The Role of Complement in Cnidarian-Dinoflagellate Symbiosis and Immune Challenge in the Sea Anemone Aiptasia pallida Public Deposited

http://ir.library.oregonstate.edu/concern/articles/6q182m95g

This is the publisher’s final pdf. The published article is copyrighted by the author(s) and published by Frontiers Media. The published article can be found at:  http://journal.frontiersin.org/journal/microbiology

The Supplementary Material for this article can be found online at:  http://journal.frontiersin.org/article/10.3389/fmicb.2016.00519

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  • The complement system is an innate immune pathway that in vertebrates, is responsible for initial recognition and ultimately phagocytosis and destruction of microbes. Several complement molecules including C3, Factor B, and mannose binding lectin associated serine proteases (MASP) have been characterized in invertebrates and while most studies have focused on their conserved role in defense against pathogens, little is known about their role in managing beneficial microbes. The purpose of this study was to (1) characterize complement pathway genes in the symbiotic sea anemone Aiptasia pallida, (2) investigate the evolution of complement genes in invertebrates, and (3) examine the potential dual role of complement genes Factor B and MASP in the onset and maintenance of cnidarian-dinoflagellate symbiosis and immune challenge using qPCR based studies. The results demonstrate that A. pallida has multiple Factor B genes (Ap_Bf-1, Ap_Bf-2a, and Ap_Bf-2b) and one MASP gene (Ap_MASP). Phylogenetic analysis indicates that the evolutionary history of complement genes is complex, and there have been many gene duplications or gene loss events, even within members of the same phylum. Gene expression analyses revealed a potential role for complement in both onset and maintenance of cnidarian-dinoflagellate symbiosis and immune challenge. Specifically, Ap_Bf-1 and Ap_MASP are significantly upregulated in the light at the onset of symbiosis and in response to challenge with the pathogen Serratia marcescens suggesting that they play a role in the initial recognition of both beneficial and harmful microbes. Ap_Bf-2b in contrast, was generally downregulated during the onset and maintenance of symbiosis and in response to challenge with S. marcescens. Therefore, the exact role of Ap_Bf-2b in response to microbes remains unclear, but the results suggest that the presence of microbes leads to repressed expression. Together, these results indicate functional divergence between Ap_Bf-1 and Ap_Bf-2b, and that Ap_Bf-1 and Ap_MASP may be functioning together in an ancestral hybrid of the lectin and alternative complement pathways. Overall, this study provides information on the role of the complement system in a basal metazoan and its role in host-microbe interactions.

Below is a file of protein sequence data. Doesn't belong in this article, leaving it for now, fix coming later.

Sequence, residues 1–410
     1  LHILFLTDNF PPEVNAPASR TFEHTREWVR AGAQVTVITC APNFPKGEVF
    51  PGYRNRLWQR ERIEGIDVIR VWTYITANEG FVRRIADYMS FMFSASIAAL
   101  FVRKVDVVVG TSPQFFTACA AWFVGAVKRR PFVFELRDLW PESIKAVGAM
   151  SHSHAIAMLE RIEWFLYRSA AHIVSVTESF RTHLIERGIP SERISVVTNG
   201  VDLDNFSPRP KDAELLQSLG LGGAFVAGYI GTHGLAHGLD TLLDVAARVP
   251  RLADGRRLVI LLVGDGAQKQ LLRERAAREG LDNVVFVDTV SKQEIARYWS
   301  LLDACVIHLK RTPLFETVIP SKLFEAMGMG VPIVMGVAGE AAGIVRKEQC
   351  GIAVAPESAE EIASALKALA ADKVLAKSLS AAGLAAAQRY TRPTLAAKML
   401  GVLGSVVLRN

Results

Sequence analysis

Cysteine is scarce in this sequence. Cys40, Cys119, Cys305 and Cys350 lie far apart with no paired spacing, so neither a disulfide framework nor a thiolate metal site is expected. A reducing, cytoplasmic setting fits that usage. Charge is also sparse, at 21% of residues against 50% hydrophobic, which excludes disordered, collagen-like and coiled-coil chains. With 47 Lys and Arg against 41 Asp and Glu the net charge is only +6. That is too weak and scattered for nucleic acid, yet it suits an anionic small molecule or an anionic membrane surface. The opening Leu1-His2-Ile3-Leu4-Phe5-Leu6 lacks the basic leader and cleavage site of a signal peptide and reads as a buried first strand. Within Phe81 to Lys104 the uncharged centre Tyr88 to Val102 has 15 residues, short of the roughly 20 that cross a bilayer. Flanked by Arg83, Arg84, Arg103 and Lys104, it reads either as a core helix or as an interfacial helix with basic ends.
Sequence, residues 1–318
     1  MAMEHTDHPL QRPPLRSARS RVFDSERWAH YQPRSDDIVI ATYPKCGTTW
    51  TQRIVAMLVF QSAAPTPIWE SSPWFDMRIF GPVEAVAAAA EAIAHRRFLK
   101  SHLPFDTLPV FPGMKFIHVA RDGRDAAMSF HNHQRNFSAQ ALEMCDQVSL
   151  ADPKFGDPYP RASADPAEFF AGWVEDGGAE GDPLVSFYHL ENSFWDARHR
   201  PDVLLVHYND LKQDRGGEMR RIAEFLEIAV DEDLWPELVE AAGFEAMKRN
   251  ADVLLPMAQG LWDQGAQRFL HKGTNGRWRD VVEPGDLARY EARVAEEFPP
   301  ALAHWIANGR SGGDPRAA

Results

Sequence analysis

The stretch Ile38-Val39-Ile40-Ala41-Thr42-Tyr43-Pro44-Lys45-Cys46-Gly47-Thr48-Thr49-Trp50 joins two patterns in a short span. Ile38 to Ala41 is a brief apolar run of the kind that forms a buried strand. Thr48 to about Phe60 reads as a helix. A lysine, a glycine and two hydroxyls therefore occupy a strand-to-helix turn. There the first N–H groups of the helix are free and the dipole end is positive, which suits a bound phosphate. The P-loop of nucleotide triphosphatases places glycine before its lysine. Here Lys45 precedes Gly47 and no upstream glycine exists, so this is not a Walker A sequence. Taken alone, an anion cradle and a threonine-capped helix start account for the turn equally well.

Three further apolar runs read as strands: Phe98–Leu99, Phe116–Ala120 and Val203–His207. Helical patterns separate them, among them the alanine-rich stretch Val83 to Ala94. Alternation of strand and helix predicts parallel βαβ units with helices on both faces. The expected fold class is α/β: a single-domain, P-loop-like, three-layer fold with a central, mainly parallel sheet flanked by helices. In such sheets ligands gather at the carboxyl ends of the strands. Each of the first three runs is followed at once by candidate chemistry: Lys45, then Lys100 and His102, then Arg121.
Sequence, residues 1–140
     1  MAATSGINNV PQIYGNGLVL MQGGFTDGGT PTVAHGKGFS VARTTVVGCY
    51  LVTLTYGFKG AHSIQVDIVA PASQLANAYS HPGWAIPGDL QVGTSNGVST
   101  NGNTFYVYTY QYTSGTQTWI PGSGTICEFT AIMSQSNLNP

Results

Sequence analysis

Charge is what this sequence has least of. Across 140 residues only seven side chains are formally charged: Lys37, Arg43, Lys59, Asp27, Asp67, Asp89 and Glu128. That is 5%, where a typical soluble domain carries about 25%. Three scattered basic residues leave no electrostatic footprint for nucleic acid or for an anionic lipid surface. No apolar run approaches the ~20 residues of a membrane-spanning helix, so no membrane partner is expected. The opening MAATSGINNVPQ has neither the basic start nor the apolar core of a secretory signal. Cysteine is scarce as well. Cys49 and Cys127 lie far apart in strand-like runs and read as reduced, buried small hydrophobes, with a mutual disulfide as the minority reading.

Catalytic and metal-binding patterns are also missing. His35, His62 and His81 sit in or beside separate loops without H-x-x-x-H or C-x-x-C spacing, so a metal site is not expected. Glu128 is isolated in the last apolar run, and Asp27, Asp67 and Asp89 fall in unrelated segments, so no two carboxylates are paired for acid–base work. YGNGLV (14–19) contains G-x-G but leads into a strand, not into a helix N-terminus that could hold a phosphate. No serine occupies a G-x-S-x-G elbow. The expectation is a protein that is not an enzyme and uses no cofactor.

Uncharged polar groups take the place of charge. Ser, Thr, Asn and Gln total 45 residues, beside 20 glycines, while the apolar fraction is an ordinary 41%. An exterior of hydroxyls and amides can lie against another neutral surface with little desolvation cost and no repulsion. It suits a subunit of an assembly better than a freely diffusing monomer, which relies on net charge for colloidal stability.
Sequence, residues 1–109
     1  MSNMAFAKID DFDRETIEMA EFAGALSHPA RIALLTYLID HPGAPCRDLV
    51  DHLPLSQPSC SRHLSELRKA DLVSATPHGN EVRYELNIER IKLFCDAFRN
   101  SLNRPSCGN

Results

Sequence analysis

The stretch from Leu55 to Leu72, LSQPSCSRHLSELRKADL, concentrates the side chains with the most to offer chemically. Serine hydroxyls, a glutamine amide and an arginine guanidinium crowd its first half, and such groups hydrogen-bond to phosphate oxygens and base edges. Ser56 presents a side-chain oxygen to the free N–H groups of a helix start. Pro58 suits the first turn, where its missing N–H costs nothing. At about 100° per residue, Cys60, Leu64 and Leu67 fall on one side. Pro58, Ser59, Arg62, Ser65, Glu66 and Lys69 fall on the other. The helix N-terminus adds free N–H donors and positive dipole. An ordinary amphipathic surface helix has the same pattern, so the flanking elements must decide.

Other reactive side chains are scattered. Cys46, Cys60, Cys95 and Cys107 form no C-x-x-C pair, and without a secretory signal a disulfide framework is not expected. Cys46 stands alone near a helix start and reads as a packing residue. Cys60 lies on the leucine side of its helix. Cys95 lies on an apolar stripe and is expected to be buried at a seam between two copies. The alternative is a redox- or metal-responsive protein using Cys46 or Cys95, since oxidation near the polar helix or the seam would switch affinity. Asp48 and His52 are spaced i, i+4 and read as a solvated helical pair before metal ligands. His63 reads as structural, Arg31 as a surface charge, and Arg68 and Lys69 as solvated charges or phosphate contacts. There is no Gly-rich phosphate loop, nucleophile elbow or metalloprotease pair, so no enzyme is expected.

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  • Poole, A. Z., Kitchen, S. A., & Weis, V. M. (2016). The role of complement in cnidarian-dinoflagellate symbiosis and immune challenge in the sea anemone Aiptasia pallida. Frontiers in Microbiology, 7, 519. doi:10.3389/fmicb.2016.00519
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  • description.provenance : Made available in DSpace on 2016-06-20T17:59:38Z (GMT). No. of bitstreams: 2 license_rdf: 1370 bytes, checksum: cd1af5ab51bcc7a5280cf305303530e9 (MD5) PooleRoleComplementCnidarian.pdf: 3556745 bytes, checksum: d74bb720b29233b526cfe0cca6f1f314 (MD5) Previous issue date: 2016-04-22
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